Judy (not her real name) describes herself as an average Aussie.
Wife, worker, friend, sometime confident to a very select few, and mother, and some days she battles to keep it all together.
Over the past few years addiction has caused the kind of stresses that "only happens to other families", and it's now descended upon her suburban home.
My discussion with Judy had it's genesis in the lead up to Melbourne Cup Day 2017 when I posted on my Triple M show page that the amount of, especially, TV advertising for online betting was becoming overpowering.
There were several comments to agree with my point, however Judy sent me a private message saying online gambling was taking a heartbreaking toll on her family.
After a few more details I asked if she would like to talk further and to my surprise Judy agreed, saying if her story and that of her addicted son could help one more family she was willing to open up.
This is intensely personal to Judy and her family, not many people know of the past few year's struggles, so I am grateful she chose me for a sit down.
So this week I took a long drive to have a coffee and a chat.
Judy tells me she was not blind nor ignorant to the issue of addiction but as she'd had no previous direct experience, she and her family had to find out for themselves about the lying and manipulation that comes with some in the grips of an addiction and sadly her son has fallen into not only gambling but all kinds of drugs.
"When did the alarm bells start going off?"
Judy tells me her son had "been a difficult child, though he has the intelligence to do anything, and all the doctors or psyches we took him to concluded it was just naughty boy syndrome."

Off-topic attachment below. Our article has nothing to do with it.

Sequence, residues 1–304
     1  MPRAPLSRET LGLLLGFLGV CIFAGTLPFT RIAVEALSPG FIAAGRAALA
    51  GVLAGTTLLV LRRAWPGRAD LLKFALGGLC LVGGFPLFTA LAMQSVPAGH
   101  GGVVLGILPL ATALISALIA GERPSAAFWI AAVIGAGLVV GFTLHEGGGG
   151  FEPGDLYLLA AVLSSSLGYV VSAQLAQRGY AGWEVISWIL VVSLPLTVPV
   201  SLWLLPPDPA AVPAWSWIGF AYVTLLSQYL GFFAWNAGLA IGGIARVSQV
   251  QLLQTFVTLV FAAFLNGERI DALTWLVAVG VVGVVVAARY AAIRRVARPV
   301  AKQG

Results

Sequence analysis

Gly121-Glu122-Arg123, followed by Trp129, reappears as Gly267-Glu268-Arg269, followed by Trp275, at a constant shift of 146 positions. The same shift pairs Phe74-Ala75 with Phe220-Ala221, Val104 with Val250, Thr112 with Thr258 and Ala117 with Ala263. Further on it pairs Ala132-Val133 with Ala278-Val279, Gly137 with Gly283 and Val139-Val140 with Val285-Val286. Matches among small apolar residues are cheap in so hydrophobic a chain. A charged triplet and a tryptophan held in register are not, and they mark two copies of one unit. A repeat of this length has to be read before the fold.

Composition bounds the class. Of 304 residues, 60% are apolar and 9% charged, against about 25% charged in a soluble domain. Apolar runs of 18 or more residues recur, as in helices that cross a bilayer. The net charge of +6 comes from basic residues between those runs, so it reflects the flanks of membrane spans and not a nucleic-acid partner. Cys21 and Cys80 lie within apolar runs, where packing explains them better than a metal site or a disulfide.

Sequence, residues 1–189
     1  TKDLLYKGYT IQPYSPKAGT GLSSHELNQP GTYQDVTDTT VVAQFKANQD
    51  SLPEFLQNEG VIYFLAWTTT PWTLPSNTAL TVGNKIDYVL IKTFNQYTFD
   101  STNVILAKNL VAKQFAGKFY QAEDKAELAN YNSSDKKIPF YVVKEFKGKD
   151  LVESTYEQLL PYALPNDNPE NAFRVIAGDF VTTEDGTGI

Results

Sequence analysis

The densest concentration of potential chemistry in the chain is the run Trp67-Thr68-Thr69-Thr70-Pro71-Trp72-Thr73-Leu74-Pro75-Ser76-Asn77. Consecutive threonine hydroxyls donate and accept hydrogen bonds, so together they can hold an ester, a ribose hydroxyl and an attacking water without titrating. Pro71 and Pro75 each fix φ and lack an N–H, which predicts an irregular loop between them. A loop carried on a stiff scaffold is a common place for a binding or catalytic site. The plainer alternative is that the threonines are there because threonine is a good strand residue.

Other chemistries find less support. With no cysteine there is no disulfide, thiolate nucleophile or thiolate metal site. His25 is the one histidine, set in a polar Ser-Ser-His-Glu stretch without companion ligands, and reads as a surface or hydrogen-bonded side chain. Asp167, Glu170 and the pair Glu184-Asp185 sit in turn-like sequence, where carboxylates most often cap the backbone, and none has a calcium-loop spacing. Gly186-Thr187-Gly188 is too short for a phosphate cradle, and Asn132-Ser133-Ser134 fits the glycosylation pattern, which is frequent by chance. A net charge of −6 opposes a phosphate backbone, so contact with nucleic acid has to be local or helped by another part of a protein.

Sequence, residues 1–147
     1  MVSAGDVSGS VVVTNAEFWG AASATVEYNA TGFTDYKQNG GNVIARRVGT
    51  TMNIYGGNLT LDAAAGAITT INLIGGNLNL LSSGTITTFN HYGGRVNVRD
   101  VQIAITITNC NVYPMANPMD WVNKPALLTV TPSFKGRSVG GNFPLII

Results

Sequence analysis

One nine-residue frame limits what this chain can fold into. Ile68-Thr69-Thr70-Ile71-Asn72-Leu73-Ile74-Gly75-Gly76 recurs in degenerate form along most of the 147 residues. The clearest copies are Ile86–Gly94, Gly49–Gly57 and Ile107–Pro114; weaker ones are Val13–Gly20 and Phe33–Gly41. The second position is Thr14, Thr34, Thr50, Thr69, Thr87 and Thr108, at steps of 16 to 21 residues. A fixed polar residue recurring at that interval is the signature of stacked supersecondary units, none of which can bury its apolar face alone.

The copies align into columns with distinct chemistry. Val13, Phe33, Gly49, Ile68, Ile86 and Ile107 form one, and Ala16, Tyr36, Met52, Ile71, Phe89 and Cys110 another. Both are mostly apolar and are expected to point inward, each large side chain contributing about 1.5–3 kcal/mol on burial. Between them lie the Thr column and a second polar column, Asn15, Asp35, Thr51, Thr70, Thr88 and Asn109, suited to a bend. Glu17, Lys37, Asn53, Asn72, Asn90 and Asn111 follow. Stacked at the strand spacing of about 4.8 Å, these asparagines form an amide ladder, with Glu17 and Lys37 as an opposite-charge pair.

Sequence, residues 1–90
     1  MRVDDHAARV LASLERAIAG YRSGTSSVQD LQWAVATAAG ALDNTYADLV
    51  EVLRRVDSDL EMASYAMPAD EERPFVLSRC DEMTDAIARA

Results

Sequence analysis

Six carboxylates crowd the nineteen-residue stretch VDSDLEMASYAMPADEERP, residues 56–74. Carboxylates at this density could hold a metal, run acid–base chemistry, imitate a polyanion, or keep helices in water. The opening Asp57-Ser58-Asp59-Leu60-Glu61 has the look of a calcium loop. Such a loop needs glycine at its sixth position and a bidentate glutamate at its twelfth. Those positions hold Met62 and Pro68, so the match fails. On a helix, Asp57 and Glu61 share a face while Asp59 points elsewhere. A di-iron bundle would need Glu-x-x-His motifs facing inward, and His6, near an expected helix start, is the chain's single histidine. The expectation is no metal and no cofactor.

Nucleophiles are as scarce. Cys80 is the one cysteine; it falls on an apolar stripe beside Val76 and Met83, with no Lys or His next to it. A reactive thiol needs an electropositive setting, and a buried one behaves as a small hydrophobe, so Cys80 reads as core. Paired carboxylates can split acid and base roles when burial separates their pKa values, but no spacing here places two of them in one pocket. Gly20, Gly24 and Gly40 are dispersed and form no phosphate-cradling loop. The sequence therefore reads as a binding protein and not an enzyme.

A mother knows differently.
Her son moved to the east and seemed to be doing OK, after a certain age your kids don't call as much as we'd like so Mum and Dad figured things were going OK.
They were not.
One day Judy did hear from her son who told her he'd seen a doctor as he felt he needed some help.
Judy believes that's where the spiral really picked up speed in a pretty drastic way.
This started a seemingly disastrous cycle of meds, more meds, more doctors, different diagnoses and ultimately a nightmare of Dante proportions.
To add to the frustration, not one of the doctors or psyches rang Judy to discuss any history. One of the psyches told Judy he knew her son better than she did, the treatment was ongoing but the patient had his addiction fully under control and despite Judy having power of attorney over her son's affairs, there would be no more discussions.
"When did you know things were really desperate?"
"The day we heard from his flatmate that he'd tried to take his life, and as of now we know of at least 5 attempts in the last 4 years."
I asked how the gambling addiction came to light and Judy believes it was a progression from the meds prescribed by the psyches.
In some people one can beget the other, you need more drugs to keep going but if you can't get them, then dealing is the next step.
Money runs out and if there is a love of gambling and the casino is close by it's a recipe for disaster.
Don't even talk to Judy about the ease of online gambling and the apps anybody can have on their phone!
"And while they're in denial there's not a Goddam thing you can do"
Eventually, despite more lies and manipulation and ultimately an ugly confrontation "I really thought if I was sitting closer he'd have killed me" Judy got her son to agree to rehab, both in Australia and overseas.